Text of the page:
Downward Departure

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As befits the specific emphasis of this chapter, a particularly illustrative model for exploring the limitations imposed on prospects for Restorative Justice concerns the

Guidelines' treatment of mental health issues, addressing both the offender and the victim of the offense. Tellingly, the Guidelines only consider mental health factors in the context of a departure from the applicable guideline range.

Addressing offender mental health issues first, 'diminished capacity' provides an 'encouraged' ground for downward departure. As amended in 1998, this portion of the Guidelines indicates that a departure 'may be warranted ifthe defendant committed the offense while suffering from a significantly reduced mental capacity'. According to the guideline commentary, this requires a 'significantly impaired ability to (A) understand the wrongfulness of the behavior comprising the offense or to exercise the power of reason; or (B) control behavior that the defendant knows is wrongful' (US Sentencing Commission, 2000, s. 5K2.13).

Interestingly, while the Insanity Defense Reform Act (1987) does notrecognize behavioral disorders as a form of insanity, the Sentencing Commission included volitional impairments in addition to cognitive disabilities as an appropriate sentencing consideration (United States v. McBroom, 1997). The federal courts have recognized major depression (UnitedStates v. Ribot, 1999), post-traumatic stress disorder (UnitedStates v. Cantu, 1993), bipolar or manic-depressive disorder (United States v. McMurry, 1993), and schizophrenic disorder (United States v. Ruklick, 1990) as acceptable bases for departure pursuant to this provision.

This departure option is not available, however, if 'the significantly reduced mental state was caused by the voluntary use of drugs or other intoxicants'. Departure is also obviated if 'the facts and circumstances of the defendant's offense indicate a need to protect the public because the offense involved actual violence or a serious threat of violence', or if 'the defendant's criminal history indicates a need to incarcerate the defendant to protect the public'. Overall, 'if a departure is warranted, the extent of the departure should reflect the extent to which the reduced mental capacity contributed to the commission of the offense' (US Sentencing Commission, 2000, s. 5K2.13).

In addition to the requirement of significant mental health impairment, downward departure is further predicated upon a finding that this condition contributed to the commission of the offense itself. The court is directed to determine in some fashion the degree of this impairment's contribution, and to adjust the offender's sentence downward only to that specific extent (UnitedStates v. Lauzon, 1991). Further limiting to prospects for the application of Restorative Justice, the Guidelines forbid application of a 'diminished capacity' adjustment if the offense involved 'actual violence' or the 'serious threat of violence'. Coupled with additional prohibition of departure where the diminished capacity was caused by the voluntary use of intoxicants, this reduces the availability of the departure to primarily 'white collar', regulatory, or status offenses.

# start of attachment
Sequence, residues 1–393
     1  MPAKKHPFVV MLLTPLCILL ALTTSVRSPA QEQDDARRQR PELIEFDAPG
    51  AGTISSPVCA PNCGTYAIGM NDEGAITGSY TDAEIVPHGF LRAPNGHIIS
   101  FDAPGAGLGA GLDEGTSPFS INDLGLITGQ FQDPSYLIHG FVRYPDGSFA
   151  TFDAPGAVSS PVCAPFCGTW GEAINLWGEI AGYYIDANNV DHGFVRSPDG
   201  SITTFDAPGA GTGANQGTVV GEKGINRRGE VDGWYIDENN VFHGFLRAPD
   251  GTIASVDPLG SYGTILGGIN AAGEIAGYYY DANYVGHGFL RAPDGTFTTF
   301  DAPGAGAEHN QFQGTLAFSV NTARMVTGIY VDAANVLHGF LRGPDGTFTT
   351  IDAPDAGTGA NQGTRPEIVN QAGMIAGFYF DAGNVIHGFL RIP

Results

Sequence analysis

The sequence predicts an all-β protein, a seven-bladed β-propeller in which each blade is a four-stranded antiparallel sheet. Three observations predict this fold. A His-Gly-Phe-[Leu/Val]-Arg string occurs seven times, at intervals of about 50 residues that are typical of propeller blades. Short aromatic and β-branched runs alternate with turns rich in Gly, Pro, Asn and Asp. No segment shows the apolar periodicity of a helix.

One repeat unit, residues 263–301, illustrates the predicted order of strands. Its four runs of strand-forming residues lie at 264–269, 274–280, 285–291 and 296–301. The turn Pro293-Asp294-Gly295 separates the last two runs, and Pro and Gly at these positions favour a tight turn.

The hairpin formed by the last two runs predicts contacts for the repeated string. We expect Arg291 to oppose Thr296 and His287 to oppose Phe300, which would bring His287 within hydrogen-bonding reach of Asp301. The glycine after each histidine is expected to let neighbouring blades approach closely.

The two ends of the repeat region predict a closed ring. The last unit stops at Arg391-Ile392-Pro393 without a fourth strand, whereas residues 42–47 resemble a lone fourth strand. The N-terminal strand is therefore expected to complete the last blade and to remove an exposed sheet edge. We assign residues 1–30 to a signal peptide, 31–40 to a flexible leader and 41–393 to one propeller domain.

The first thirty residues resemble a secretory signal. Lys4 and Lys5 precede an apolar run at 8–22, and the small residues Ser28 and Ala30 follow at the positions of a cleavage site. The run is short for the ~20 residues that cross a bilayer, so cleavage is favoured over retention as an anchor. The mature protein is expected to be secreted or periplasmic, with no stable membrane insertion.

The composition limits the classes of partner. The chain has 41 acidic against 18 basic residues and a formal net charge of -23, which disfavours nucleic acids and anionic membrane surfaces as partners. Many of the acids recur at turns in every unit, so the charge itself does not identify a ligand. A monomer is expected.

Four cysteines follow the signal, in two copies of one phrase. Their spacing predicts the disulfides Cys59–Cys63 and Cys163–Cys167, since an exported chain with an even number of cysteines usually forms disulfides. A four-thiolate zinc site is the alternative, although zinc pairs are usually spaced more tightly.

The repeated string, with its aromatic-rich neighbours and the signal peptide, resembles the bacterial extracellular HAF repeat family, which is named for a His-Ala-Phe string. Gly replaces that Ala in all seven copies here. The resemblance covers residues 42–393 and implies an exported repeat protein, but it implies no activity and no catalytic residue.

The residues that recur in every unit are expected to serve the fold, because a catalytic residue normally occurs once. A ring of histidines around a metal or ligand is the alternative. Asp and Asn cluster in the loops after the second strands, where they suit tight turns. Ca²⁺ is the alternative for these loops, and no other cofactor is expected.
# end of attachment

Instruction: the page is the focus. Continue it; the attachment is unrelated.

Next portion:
The Guidelines further mandate that certain 'mental and emotional conditions' (as artificially distinguished from 'significantly reduced mental capacity') are not ordinarily relevant in determining whether a sentence should be outside the guideline range.

As such, they constitute a 'discouraged' departure basis (US Sentencing Commission, 2000, s. 5H1.3).

The courts have labeled the following as 'mental or emotion conditions' ineligible for downward departure: being a 'victim of spousal abuse' (United States v. Desorneaux, 1991), 'borderline intelligence' (UnitedStates v. Lauzon, 1991), 'suicidal tendencies' (UnitedStates v. Harpst, 1991), 'compulsive gambling' (UnitedStates v. Rosen, 1990), and 'HIV-positive status or AIDS' (United States v. Rabins, 1995; United States v. Woody, 1995). One federal court, however, did find 'panic disorder with agoraphobia' (United States v. Garza-Juarez, 1993) and having suffered 'extraordinary childhood abuse' (United States v. Roe, 1992) to justify downward departures. Another court even held that an offender's 'potential for victimization' in prison, due to his small size, immature appearance and bisexual orientation, merited a downward departure (United States v. Lara, 1990).

The Guidelines do provide one ray of hope for the application of Restorative Justice, albeit substantially after the fact of formal sentencing, with their acknowledgment that 'mental and emotional conditions may be relevant in determining the conditions of probation or supervised release'. In these circumstances, although it may not reduce the offender's sentence due to an impairment, the court can impose mental health treatment or counseling for the offender as a condition of probation or supervised release (US Sentencing Commission, 2000, ss. 5B1.3(d)(5), 5D1.3(d)(5)). Presumably, a victim-offender mediation component could be crafted to fit this scheme, providing an important reflective and integrative opportunity for all parties.

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